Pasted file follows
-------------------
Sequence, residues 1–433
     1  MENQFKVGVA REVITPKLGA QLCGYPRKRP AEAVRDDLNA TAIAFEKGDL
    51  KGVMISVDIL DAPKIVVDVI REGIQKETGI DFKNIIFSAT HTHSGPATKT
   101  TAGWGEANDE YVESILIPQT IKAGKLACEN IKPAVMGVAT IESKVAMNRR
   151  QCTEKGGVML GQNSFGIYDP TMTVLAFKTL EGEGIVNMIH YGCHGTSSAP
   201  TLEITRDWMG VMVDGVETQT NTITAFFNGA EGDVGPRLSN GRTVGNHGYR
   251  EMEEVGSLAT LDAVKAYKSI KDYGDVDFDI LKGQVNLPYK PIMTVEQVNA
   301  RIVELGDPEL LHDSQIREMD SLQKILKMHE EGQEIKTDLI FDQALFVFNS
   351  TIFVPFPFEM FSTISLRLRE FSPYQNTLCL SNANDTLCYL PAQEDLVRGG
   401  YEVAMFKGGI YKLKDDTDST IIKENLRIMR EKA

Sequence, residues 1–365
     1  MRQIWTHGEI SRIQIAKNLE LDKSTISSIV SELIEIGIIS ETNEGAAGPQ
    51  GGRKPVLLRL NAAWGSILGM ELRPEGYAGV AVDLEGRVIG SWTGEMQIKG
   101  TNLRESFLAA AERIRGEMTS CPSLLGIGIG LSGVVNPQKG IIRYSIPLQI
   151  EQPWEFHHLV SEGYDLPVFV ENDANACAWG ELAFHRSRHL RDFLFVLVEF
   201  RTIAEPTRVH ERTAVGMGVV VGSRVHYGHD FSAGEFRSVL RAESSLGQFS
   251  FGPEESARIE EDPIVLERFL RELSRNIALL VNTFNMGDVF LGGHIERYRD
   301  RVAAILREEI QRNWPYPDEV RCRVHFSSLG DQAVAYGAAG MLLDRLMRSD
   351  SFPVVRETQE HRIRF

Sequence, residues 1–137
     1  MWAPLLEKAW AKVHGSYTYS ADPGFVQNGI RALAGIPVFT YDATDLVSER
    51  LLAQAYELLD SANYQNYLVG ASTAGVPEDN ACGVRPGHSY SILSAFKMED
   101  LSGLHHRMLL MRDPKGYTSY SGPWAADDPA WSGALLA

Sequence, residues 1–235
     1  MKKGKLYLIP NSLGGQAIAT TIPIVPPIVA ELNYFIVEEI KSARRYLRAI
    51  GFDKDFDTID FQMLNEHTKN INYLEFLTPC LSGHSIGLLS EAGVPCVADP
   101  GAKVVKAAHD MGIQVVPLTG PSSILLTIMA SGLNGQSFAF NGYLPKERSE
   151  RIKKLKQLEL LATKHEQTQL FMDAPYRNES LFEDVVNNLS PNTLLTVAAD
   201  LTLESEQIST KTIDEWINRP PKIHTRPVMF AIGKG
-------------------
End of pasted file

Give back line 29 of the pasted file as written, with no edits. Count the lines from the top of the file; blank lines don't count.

   201  LTLESEQIST KTIDEWINRP PKIHTRPVMF AIGKG